"Lemon Parade" featured two of Tonic's most popular songs, "If You Could Only See," and "Open Up Your Eyes."
Q: So, you guys did an acoustic take on "Lemon Parade" for the 20-year anniversary. What was exciting to you about taking on that kind of a project?
Emerson Hart: Well, I wrote the songs on acoustic guitar. Most of them, except for "Casual Affair," really. I think I wrote mostly on electric for that first record. But it was really interesting in two different ways. No. 1: Revisiting those emotions, and what I was thinking when I was writing them. And just the sensibility that goes along with that, when you start hearing the tonality of something, and you're like, "Oh, I remember. I remember sitting in my apartment. Broke, as a joke. Writing this song." You know?
And in the second way, it was interesting to see how playing a record for 20 years has changed some of the arrangements, and having to go back and really listen to the record, and go, "Oh, that's right. That's what I did. I didn't do it this way, the way I've been doing it for 10 years on the road," because I changed it for whatever reason.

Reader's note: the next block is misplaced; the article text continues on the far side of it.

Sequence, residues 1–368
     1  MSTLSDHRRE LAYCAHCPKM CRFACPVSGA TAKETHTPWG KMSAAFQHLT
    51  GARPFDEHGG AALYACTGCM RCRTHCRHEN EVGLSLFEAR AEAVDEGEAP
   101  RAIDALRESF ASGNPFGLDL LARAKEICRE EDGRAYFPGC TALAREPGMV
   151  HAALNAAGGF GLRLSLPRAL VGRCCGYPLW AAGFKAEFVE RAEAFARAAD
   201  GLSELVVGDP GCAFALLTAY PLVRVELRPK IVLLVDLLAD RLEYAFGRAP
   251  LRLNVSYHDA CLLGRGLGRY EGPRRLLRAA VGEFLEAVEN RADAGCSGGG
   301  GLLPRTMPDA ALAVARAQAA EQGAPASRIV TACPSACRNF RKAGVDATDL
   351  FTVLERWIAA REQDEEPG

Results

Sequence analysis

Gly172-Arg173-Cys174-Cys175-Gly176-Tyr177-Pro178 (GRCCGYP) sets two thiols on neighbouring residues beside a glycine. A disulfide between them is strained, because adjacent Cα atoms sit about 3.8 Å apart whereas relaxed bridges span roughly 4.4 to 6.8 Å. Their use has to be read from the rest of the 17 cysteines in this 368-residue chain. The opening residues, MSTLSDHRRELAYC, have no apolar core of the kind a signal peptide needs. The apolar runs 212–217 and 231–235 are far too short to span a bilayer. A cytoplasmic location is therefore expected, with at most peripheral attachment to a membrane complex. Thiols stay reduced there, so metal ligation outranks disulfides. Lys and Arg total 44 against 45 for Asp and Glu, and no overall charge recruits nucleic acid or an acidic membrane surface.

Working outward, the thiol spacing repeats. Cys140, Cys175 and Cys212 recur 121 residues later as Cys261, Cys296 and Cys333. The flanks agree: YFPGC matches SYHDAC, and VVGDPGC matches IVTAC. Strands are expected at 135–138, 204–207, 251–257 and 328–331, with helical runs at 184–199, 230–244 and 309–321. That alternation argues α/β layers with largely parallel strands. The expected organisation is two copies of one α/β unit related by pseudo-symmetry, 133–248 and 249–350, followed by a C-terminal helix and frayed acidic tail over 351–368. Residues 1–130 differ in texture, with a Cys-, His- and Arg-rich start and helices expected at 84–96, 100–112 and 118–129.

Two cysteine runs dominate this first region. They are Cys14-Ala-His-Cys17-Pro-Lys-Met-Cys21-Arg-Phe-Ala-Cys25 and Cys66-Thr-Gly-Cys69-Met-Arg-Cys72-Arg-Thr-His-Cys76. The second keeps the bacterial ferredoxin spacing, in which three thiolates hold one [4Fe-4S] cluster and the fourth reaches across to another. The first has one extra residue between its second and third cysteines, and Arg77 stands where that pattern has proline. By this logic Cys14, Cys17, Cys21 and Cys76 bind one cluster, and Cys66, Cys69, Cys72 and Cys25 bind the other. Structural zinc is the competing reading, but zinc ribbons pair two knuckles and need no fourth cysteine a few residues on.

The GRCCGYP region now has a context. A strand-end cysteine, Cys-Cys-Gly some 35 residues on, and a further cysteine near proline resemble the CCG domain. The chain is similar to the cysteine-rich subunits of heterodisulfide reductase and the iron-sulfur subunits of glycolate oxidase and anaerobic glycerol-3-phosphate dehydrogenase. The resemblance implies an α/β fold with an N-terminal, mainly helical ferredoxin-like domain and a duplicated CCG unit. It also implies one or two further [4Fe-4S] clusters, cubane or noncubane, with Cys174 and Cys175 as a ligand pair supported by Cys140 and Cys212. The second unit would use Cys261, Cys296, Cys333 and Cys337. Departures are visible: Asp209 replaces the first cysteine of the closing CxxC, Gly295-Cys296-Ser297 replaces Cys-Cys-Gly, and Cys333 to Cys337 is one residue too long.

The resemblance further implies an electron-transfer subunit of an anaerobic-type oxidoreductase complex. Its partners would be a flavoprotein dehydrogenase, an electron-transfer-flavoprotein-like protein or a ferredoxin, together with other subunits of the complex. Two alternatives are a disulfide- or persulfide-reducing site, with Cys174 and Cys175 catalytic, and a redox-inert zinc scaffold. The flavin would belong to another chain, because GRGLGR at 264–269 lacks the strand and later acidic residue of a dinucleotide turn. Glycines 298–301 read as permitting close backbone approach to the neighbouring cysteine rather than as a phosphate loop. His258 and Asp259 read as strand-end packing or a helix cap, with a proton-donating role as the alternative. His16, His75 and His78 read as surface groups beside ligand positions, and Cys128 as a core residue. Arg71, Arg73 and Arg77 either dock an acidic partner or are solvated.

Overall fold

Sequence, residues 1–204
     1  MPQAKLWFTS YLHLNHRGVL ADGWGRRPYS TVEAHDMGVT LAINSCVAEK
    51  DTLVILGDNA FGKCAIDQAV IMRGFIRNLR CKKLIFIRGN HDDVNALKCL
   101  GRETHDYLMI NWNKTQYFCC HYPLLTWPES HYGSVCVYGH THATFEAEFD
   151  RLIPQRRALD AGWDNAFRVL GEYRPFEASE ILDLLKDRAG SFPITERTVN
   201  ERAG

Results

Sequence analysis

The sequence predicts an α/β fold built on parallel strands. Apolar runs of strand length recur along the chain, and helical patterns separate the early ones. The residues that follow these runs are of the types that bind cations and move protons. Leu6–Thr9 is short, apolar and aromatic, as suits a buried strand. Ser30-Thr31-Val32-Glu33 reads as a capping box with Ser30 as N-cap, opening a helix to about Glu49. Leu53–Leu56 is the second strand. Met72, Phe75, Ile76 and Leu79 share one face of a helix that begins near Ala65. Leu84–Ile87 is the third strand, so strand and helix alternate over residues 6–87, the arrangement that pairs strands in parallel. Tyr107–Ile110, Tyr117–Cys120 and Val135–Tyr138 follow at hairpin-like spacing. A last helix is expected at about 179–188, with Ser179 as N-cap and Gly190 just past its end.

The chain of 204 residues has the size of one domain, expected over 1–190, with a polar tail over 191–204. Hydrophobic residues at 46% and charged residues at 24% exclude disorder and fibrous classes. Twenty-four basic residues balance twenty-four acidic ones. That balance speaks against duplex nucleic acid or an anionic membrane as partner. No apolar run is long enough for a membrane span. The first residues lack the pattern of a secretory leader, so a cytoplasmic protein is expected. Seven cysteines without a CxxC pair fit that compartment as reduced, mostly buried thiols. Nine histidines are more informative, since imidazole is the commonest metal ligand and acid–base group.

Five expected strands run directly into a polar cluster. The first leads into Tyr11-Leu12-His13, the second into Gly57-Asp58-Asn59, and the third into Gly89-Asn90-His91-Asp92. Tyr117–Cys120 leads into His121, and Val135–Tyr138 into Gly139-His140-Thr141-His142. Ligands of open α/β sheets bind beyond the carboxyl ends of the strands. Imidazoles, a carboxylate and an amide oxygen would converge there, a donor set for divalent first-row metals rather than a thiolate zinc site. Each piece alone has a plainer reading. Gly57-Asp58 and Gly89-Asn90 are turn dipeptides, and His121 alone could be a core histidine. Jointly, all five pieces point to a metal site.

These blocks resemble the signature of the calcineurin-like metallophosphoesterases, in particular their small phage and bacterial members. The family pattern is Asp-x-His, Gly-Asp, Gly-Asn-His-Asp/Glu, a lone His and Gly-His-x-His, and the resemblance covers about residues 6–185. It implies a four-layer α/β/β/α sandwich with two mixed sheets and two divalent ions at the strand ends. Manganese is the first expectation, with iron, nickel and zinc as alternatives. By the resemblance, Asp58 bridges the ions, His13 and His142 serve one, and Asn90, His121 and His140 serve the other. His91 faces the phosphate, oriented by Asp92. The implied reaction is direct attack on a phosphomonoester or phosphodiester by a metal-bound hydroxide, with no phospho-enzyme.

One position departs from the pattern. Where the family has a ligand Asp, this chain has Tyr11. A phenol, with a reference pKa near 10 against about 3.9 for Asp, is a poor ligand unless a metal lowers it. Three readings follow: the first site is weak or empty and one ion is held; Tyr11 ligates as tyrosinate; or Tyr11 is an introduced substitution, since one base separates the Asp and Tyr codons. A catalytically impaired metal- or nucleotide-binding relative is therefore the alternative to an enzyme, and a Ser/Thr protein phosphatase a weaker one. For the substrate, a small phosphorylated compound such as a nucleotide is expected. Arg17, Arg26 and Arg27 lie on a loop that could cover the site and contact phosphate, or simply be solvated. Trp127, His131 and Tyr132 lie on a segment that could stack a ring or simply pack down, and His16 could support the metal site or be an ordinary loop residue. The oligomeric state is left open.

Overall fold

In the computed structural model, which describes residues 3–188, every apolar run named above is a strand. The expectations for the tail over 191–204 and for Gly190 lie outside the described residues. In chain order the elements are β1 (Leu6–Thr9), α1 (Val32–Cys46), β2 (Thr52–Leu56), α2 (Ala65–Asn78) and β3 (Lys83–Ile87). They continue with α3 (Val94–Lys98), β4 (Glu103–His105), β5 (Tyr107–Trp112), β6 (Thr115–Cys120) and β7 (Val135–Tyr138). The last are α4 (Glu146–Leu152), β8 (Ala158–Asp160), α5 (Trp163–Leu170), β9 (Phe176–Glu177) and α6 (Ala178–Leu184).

So, that was a really great experience. And we had such a blast doing it. It was so much fun.
Q: I imagine then, since that process, you maybe come at the songs a little differently in your live show now. Is that right?
Emerson Hart: Yes. It's true. And that's the nature of it. I mean, when you're putting songs into a setlist and maybe you're in different tunings and you have to think, "All right, well maybe we need to drop this down a half a step, or raise it up a half a step, because we're already in this position for the song." Just over time, things change. And that was the most interesting thing, was bringing things all the way back to where they originally were, and living with it.
Q: Obviously that was the album that put you on the map. I really liked "Head on Straight." (Grammy-nominated third full-length album released in 2002.). As far as moving to 2017, I see you guys talking about new music and a new album. Where are you with that?
Emerson Hart: I'm writing it. Pretty much.